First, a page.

Third: Diversity and Inclusion Series:  Discriminatory Surveillance 

The third event in the Internet Law and Policy Foundry’s
Diversity and Inclusion Series: 

Discriminatory Surveillance 
For registration

The Internet Law and Policy Foundry (ILPF) is excited to invite you to the third event in our Diversity and Inclusion Event Series, which explores how issues of diversity, inclusion, and equity intersect with the internet law and policy spaces.

Diversity & Inclusion Event Series: Discriminatory Surveillance

Powered by artificial intelligence, surveillance technologies such as facial recognition technologies can now identify, track, and analyze individuals and their behaviors in real time and recognize up to 100 people in a single image by can quickly scanning information it collects against databases that feature tens of millions of data points. These surveillance technologies are increasingly being adopted by law enforcement, with few safeguards and oversight, raising concerns related to privacy and data protection among other things. This panel will explore how surveillance technologies have been developed and deployed in the United States, how the use of these tools have contributed to discriminatory outcomes, and what effective policy reforms in this space could look like.

A link to the event will be sent to registered attendees on the day of the event.

Tickets are free. Donation tickets are available in case you wish to support the Foundry activity.

To share this event:


Jasmine McNealy

Jasmine is an Associate Professor of Telecommunication at the University of Florida, where she teaches courses on regulation. She researches media, technology, and law with an emphasis on privacy, surveillance and data governance. She is also the Associate Director of the Marion B. Brechner First Amendment Project at UF, and a Faculty Associate at Harvard University’s Berkman Klein Center for Internet & Society.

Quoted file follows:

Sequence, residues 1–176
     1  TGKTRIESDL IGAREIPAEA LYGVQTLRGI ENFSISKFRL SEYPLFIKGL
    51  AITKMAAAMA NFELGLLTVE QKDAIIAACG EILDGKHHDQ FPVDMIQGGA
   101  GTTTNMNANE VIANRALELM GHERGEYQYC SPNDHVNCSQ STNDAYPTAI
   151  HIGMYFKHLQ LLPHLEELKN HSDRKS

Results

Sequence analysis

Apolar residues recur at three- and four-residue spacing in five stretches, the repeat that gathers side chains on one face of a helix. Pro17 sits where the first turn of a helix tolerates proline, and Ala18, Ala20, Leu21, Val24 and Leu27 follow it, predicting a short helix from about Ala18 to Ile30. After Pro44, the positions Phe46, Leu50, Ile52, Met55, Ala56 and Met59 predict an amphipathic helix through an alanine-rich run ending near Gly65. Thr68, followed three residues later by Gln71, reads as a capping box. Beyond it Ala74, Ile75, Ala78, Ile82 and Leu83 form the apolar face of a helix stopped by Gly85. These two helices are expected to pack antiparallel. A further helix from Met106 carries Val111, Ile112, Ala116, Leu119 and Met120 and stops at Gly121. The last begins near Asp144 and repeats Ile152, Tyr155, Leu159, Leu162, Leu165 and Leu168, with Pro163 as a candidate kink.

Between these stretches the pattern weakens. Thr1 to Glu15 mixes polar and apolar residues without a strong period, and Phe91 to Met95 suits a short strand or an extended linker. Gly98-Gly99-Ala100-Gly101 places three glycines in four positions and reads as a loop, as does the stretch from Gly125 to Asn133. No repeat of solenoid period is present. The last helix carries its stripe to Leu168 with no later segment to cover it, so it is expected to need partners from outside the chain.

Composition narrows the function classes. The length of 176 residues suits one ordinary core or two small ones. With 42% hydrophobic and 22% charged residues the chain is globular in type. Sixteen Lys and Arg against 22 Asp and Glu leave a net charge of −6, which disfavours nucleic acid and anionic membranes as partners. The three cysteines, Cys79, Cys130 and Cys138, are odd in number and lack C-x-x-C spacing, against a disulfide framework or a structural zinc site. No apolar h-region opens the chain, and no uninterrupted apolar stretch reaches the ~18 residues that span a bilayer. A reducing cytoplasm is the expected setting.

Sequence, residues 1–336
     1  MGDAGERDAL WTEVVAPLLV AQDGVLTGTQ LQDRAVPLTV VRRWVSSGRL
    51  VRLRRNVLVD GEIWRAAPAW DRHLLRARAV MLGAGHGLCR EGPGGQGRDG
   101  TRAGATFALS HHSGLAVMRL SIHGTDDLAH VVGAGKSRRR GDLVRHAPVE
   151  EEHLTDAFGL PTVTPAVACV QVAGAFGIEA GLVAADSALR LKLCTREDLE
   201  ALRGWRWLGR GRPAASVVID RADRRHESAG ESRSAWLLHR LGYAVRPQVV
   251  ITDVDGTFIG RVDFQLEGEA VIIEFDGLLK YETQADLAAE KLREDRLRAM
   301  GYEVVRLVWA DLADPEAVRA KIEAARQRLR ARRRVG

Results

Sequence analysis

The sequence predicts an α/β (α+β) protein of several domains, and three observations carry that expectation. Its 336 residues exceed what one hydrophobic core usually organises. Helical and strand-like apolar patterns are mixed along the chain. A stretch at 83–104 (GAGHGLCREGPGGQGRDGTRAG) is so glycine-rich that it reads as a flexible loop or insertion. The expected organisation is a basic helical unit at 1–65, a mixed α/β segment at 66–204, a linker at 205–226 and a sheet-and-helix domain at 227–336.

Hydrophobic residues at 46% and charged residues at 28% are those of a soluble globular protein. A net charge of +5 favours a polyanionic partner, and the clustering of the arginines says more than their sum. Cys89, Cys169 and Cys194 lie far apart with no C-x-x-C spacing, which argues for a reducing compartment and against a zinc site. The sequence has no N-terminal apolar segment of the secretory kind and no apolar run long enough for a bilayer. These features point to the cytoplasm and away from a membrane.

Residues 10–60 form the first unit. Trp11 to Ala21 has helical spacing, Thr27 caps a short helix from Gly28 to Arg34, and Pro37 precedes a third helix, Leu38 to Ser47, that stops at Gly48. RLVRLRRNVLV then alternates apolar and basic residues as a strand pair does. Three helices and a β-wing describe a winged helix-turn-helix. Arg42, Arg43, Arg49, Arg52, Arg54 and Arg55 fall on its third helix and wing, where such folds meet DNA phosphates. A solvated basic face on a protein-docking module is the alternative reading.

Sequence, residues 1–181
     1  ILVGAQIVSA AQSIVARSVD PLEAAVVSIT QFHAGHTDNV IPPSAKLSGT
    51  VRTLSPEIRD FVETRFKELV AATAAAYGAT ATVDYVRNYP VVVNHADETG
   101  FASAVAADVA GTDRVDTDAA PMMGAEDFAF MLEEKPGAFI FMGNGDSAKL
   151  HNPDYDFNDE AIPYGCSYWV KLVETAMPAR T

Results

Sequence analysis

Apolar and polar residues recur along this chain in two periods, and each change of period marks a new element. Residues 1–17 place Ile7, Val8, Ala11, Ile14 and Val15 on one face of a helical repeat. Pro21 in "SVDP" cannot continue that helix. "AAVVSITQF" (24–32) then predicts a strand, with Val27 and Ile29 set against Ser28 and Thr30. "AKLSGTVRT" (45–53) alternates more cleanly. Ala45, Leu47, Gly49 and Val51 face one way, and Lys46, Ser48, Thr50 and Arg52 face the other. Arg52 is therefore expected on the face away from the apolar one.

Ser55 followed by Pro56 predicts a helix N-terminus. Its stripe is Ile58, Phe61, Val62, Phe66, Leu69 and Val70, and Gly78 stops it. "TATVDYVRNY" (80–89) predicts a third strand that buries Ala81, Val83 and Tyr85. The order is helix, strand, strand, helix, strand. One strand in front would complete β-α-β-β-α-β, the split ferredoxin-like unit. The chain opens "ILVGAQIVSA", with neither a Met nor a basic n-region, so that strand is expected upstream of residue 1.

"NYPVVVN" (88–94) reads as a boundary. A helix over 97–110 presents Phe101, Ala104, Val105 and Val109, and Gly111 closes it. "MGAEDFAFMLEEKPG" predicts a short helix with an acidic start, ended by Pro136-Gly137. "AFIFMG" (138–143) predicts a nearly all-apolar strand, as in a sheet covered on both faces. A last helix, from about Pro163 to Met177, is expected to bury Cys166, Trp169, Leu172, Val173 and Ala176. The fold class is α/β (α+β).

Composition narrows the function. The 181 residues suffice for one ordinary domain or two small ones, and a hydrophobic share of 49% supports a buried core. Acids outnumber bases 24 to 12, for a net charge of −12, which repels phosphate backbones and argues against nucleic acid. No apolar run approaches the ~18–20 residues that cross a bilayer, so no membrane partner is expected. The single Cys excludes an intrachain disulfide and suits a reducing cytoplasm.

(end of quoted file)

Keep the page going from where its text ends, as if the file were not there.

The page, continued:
Evan Greer

Rage Against the Machine guitarist Tom Morello calls Evan “a heck of a guitar player,” but she’s perhaps better known as an activist. She’s been on the frontlines of some of the most notable grassroots victories of the last decade, from defending net neutrality to helping free Chelsea Manning to keeping facial recognition surveillance out of music festivals. When she’s not parenting or recording pop-punk songs about surveillance capitalism, Evan writes regularly for outlets like The Guardian, Washington Post, NBC News, and Buzzfeed. Follow her on Twitter @evan_greer

Jeremy Greenberg

Jeremy Greenberg is a Policy Counsel with Future of Privacy Forum (FPF) where he works to promote responsible data use in emerging technology. Prior to that, Jeremy served as a Policy Fellow with FPF where he worked on issues around privacy legislation, artificial intelligence, and advertising technology. Before joining FPF, Jeremy was a Law Clerk in the Office of U.S. Senator Ed Markey where he focused on a number of telecom and privacy items. Jeremy holds a J.D. from Georgetown University School of Law and a B.S. in Cinema, Photography and Media Arts from Ithaca College.


Donalene Roberts

Donalene Roberts is a recent graduate of Georgetown University Law Center, where she was a Research Assistant for the Center on Privacy and Technology.

During law school, Donalene was a privacy law intern at Facebook, a participant in Georgetown’s Iron Tech Lawyer competition, and a student advocate in the Federal Legislation Clinic where she co-wrote a model state bill with MIT engineers on smart cities.

Donalene is currently an Assistant Counsel at Office of Legislative Counsel for the U.S. House of Representatives. In her free time, Donalene enjoys reading dystopian fiction and exploring hiking trails in the DMV area.